"She's dancing," said Isabel. "You'll see her somewhere."
He looked among the dancers and at last caught Pansy's eye. "She sees me, but she won't notice me," he then remarked. "Are you not dancing?"
"As you see, I'm a wall-flower."
"Won't you dance with me?"
"Thank you; I'd rather you should dance with the little maid."
"One needn't prevent the other — especially as she's engaged."
"She's not engaged for everything, and you can reserve yourself. She dances very hard, and you'll be the fresher."
"She dances beautifully," said Lord Warburton, following her with his eyes. "Ah, at last," he added, "she has given me a smile." He stood there with his handsome, easy, important physiognomy; and as Isabel observed him it came over her, as it had done before, that it was strange a man of his mettle should take an interest in a little maid. It struck her as a great incongruity; neither Pansy's small fascinations, nor his own kindness, his good-nature, not even his need for amusement, which was extreme and constant, were sufficient to account for it. "I should like to dance with you," he went on in a moment, turning back to Isabel; "but I think I like even better to talk with you."
"Yes, it's better, and it's more worthy of your dignity. Great statesmen oughtn't to waltz."
"Don't be cruel. Why did you recommend me then to dance with Miss Osmond?"
"Ah, that's different. If you danced with her it would look simply like a piece of kindness — as if you were doing it for her amusement. If you dance with me you'll look as if you were doing it for your own."
"And pray haven't I a right to amuse myself?"
"No, not with the affairs of the British Empire on your hands."
"The British Empire be hanged! You're always laughing at it."
"Amuse yourself with talking to me," said Isabel.
"I'm not sure it's really a recreation. You're too pointed; I've always to be defending myself. And you strike me as more than usually dangerous to-night. Will you absolutely not dance?"
"I can't leave my place. Pansy must find me here."
He was silent a little. "You're wonderfully good to her," he said suddenly.
Isabel stared a little and smiled. "Can you imagine one's not being?"
"No indeed. I know how one is charmed with her. But you must have done a great deal for her."
"I've taken her out with me," said Isabel, smiling still. "And I've seen that she has proper clothes."
"Your society must have been a great benefit to her. You've talked to her, advised her, helped her to develop."
"Ah yes, if she isn't the rose she has lived near it."
She laughed, and her companion did as much; but there was a certain visible preoccupation in his face which interfered with complete hilarity. "We all try to live as near it as we can," he said after a moment's hesitation.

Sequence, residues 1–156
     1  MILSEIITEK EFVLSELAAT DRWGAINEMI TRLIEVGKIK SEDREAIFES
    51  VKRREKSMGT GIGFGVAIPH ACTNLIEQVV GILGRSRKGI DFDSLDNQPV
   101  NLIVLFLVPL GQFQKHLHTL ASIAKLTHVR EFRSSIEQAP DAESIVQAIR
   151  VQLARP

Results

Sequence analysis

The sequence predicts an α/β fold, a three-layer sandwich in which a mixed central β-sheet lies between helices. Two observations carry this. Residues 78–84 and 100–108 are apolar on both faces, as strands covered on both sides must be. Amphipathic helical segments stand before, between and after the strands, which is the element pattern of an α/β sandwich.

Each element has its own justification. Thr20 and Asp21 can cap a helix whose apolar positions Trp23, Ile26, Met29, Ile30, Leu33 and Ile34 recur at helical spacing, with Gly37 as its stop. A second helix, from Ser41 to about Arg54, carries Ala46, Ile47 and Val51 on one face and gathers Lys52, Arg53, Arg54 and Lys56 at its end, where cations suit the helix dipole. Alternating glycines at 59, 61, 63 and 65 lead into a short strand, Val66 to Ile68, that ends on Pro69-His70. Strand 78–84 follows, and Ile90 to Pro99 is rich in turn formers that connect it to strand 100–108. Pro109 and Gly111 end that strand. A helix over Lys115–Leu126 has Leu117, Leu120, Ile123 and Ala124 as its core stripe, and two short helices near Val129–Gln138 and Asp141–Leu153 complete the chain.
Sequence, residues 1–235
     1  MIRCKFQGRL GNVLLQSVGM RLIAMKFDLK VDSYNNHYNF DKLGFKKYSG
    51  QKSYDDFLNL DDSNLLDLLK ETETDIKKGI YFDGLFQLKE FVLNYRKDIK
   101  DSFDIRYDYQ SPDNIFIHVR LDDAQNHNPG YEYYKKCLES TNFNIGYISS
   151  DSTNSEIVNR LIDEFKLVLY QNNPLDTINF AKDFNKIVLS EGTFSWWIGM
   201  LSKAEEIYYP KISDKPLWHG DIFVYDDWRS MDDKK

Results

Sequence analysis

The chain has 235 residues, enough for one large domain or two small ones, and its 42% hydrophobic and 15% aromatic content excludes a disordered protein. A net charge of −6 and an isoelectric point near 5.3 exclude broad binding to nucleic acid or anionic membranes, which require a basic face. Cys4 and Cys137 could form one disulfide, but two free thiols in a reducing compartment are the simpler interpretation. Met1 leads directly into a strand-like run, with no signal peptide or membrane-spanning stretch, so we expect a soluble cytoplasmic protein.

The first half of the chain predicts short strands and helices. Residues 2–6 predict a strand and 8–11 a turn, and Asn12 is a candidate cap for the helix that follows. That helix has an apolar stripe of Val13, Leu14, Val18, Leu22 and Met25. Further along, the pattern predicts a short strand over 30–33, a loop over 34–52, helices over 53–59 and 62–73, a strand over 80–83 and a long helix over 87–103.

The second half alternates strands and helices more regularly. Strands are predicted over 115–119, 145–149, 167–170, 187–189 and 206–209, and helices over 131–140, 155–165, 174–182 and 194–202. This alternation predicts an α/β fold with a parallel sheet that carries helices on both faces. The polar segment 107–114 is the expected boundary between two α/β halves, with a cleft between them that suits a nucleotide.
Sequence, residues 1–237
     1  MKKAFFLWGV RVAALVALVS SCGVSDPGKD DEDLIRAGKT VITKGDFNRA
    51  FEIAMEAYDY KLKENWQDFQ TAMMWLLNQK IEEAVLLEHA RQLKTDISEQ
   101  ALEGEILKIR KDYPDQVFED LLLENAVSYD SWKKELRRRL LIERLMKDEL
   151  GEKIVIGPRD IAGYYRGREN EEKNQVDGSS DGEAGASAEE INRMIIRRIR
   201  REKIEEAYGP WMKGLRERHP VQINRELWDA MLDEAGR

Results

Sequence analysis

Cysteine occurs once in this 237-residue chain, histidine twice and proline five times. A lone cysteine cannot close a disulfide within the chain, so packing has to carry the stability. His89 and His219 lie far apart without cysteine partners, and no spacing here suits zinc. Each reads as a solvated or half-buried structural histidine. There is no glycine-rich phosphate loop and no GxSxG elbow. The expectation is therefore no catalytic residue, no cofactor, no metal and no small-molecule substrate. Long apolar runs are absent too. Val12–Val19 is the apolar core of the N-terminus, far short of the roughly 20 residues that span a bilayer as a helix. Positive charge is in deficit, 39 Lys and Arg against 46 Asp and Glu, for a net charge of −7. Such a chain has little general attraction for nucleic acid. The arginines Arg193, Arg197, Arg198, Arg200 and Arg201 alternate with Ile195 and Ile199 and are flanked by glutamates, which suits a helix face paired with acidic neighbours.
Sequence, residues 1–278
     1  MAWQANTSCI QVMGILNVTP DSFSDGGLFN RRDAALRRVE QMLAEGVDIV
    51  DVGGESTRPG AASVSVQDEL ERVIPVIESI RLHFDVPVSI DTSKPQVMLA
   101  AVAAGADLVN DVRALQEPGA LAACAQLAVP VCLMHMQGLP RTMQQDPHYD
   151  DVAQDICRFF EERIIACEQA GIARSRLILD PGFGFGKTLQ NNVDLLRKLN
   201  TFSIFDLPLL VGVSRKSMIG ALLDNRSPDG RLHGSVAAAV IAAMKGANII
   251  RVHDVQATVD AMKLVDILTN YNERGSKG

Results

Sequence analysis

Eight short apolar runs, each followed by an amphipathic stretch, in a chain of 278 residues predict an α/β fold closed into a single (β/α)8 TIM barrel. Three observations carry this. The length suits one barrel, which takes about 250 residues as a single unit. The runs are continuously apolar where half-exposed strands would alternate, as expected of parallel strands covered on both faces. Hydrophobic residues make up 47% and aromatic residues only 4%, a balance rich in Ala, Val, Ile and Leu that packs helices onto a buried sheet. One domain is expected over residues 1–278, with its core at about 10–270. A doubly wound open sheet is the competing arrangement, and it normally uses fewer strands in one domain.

Isabel turned away; Pansy was about to be restored to her, and she welcomed the diversion. We know how much she liked Lord Warburton; she thought him pleasanter even than the sum of his merits warranted; there was something in his friendship that appeared a kind of resource in case of indefinite need; it was like having a large balance at the bank. She felt happier when he was in the room; there was something reassuring in his approach; the sound of his voice reminded her of the beneficence of nature. Yet for all that it didn't suit her that he should be too near her, that he should take too much of her good-will for granted. She was afraid of that; she averted herself from it; she wished he wouldn't. She felt that if he should come too near, as it were, it might be in her to flash out and bid him keep his distance. Pansy came back to Isabel with another rent in her skirt, which was the inevitable consequence of the first and which she displayed to Isabel with serious eyes. There were too many gentlemen in uniform; they wore those dreadful spurs, which were fatal to the dresses of little maids. It hereupon became apparent that the resources of women are innumerable. Isabel devoted herself to Pansy's desecrated drapery; she fumbled for a pin and repaired the injury; she smiled and listened to her account of her adventures. Her attention, her sympathy were immediate and active; and they were in direct proportion to a sentiment with which they were in no way connected — a lively conjecture as to whether Lord Warburton might be trying to make love to her. It was not simply his words just then; it was others as well; it was the reference and the continuity. This was what she thought about while she pinned up Pansy's dress. If it were so, as she feared, he was of course unwitting; he himself had not taken account of his intention. But this made it none the more auspicious, made the situation none less impossible. The sooner he should get back into right relations with things the better. He immediately began to talk to Pansy — on whom it was certainly mystifying to see that he dropped a smile of chastened devotion. Pansy replied, as usual, with a little air of conscientious aspiration; he had to bend toward her a good deal in conversation, and her eyes, as usual, wandered up and down his robust person as if he had offered it to her for exhibition. She always seemed a little frightened; yet her fright was not of the painful character that suggests dislike; on the contrary, she looked as if she knew that he knew she liked him. Isabel left them together a little and wandered toward a friend whom she saw near and with whom she talked till the music of the following dance began, for which she knew Pansy to be also engaged. The girl joined her presently, with a little fluttered flush, and Isabel, who scrupulously took Osmond's view of his daughter's complete dependence, consigned her, as a precious and momentary loan, to her appointed partner. About all this matter she had her own imaginations, her own reserves; there were moments when Pansy's extreme adhesiveness made each of them, to her sense, look foolish. But Osmond had given her a sort of tableau of her position as his daughter's duenna, which consisted of gracious alternations of concession and contraction; and there were directions of his which she liked to think she obeyed to the letter. Perhaps, as regards some of them, it was because her doing so appeared to reduce them to the absurd.